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Illinois Woman Claims Uloric Treatment Led to Her Mother’s Death
Chaffin Luhana LLP
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An Illinois woman has filed a new Uloric Wrongful Death lawsuit on behalf of herself and her deceased mother. The plaintiff claims that her mother was prescribed Uloric (febuxostat) for the treatment of gout, but that the medication was unsafe.

On Feb. 21, 2019, the U.S. Food and Drug Administration (FDA) announced it was requiring the addition of a boxed warning—the most serious type of warning—on Uloric’s product labeling. This change came after the agency had determined that Uloric increased the risk of heart-related death and death from all causes.

Plaintiff Blames Uloric for Her Mother’s Death

According to the complaint, the plaintiff’s mother was prescribed Uloric for her gout in 2018. She and her doctor relied on the manufacturer’s information concerning the drug and believed it to be a safe and appropriate treatment for her condition.

Gout is a type of inflammatory arthritis caused by a buildup of uric acid crystals in the joints. These crystals can cause pain, inflammation, and tenderness, often at the base of the big toe. Uloric (febuxostat) helps lower uric acid levels in the blood.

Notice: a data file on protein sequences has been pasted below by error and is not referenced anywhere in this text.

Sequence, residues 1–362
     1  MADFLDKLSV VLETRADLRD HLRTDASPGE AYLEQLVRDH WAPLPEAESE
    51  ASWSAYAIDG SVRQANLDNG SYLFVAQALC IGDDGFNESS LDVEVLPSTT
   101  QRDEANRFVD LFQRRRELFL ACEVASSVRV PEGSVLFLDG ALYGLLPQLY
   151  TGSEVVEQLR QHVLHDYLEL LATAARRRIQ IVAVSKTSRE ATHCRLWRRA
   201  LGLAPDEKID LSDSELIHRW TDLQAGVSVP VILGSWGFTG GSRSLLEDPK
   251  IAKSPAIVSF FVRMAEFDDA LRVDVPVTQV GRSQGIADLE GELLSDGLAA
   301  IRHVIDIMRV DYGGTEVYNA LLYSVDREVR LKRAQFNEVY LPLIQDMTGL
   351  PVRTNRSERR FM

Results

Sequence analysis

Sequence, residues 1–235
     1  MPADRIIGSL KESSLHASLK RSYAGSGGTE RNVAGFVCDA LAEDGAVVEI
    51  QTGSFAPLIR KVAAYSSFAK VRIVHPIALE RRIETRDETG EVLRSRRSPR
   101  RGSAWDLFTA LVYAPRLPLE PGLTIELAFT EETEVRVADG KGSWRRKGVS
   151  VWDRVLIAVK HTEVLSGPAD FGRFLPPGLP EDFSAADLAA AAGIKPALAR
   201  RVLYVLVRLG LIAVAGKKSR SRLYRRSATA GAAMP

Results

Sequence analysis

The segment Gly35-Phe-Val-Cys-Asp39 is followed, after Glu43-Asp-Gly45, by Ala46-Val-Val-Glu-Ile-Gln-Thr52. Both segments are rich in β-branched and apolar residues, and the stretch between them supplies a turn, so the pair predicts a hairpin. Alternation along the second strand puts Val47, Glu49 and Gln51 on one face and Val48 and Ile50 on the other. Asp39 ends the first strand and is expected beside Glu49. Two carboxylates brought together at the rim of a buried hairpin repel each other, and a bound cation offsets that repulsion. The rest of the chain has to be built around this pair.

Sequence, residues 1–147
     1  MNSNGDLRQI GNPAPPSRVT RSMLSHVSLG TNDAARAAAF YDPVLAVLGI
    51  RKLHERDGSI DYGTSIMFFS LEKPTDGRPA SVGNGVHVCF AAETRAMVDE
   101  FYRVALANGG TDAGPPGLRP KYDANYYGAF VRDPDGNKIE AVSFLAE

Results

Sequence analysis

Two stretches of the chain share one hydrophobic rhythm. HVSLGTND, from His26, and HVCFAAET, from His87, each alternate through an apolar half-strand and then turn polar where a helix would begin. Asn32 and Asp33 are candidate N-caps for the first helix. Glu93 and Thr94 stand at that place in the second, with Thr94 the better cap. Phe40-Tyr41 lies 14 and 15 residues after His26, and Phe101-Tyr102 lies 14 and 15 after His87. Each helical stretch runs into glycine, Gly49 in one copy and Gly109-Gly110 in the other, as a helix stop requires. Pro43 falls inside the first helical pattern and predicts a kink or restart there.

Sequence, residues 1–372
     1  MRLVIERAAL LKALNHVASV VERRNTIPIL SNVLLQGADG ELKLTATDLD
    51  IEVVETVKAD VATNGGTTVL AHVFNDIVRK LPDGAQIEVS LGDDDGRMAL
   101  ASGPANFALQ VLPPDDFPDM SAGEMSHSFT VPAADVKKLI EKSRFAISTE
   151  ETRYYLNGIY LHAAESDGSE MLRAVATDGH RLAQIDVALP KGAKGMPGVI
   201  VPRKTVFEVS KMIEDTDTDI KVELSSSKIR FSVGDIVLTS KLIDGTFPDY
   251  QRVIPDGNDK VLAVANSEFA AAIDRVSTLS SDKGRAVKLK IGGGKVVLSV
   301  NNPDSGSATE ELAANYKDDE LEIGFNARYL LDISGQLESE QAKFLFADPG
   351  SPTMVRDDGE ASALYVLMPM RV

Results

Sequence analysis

On May 8, 2018, the decedent went to the hospital because after developing severe chest pain.  She was diagnosed with non-ST-elevation myocardial infarction, a type of heart attack.

On July 13, 2018, the decedent passed away while in the hospital. The causes of death were sudden cardiac arrest, coronary artery disease, and ischemic cardiomyopathy. The plaintiff alleges that her mother’s heart attack and death were the result of her Uloric use and seeks damages from manufacturer Takeda Pharmaceuticals.

FDA Warns that Uloric Can Increase Risk of Death

In 2009, the FDA approved Uloric for the treatment of gout.  At that time, the agency required the manufacturer to include a warning and precaution regarding possible cardiovascular events in patients treated with the drug. As a condition of approval, Takeda had to conduct a large postmarket safety clinical trial.

That trial involved 6,000 patients with gout who were treated with either Uloric or allopurinol, an older gout treatment.  The researchers looked at the risk of heart-related death, non-deadly heart attack, non-deadly stroke, and unstable angina.

Results showed that overall, Uloric did not increase the risk of these events compared to allopurinol. When the outcomes were evaluated separately, however, Uloric showed an increased risk of heart-related deaths and death from all causes.

As a result of these findings, the FDA required the addition of a black box warning on Uloric, and also limited its approved use only in certain patients who did not experience adequate results with allopurinol. The agency also recommended that patients tell their doctors about any history of heart problems or stroke, and advised doctors to reserve Uloric for use only in patients who couldn’t tolerate allopurinol.


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